THIBODAUX – The College of Education at Nicholls State University produced rookie teachers in 2007-08 whose performance matched that of experienced teachers, a recent study revealed.
The results of Louisiana’s Value-Added Teacher Preparation Assessment Model were presented to the Board of Regents and the Board of Elementary and Secondary Education at a joint meeting in December 2008. Seven teacher-training programs were evaluated on how well they prepare their graduates to teach mathematics, science, social studies, language arts and reading.
Nicholls was rated at Level Two, meaning the university prepared new teachers whose students demonstrated achievement in one content area — language arts, in the case of Nicholls — comparable to the achievement demonstrated by children who were taught by experienced teachers.
“The Department of Teacher Education at Nicholls is extremely pleased with the performance of our graduates,” Dr. Susan Roark, acting dean of the College of Education, said. “The results of the study indicate the graduates’ continued commitment to the high standards of the program and the teaching profession.”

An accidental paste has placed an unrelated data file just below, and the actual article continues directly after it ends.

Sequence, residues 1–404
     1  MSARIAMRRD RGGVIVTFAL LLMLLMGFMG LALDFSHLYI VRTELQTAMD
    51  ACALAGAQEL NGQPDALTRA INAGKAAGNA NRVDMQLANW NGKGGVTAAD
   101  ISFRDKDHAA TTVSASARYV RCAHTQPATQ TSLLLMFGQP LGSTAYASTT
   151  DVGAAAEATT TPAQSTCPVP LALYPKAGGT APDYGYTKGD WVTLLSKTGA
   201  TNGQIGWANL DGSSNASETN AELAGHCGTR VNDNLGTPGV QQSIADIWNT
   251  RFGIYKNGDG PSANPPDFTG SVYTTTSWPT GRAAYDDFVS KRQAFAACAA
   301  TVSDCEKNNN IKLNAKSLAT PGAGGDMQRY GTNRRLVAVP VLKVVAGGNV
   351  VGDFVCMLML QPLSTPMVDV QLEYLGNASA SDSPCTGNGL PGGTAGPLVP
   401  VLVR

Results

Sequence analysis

The Value-Added Teacher Preparation Assessment Model is a collaborative effort involving the Board of Regents, the Office of the Governor, the Board of Elementary and Secondary Education and the Louisiana Department of Education. The Carnegie Corporation of New York has provided $800,000 to conduct the research – matched by $1 million from the Board of Regents. Future research will focus on why some programs outperform others in preparing teachers.
Louisiana is the first state in the nation to use a performance model to examine the effectiveness of teacher preparation programs.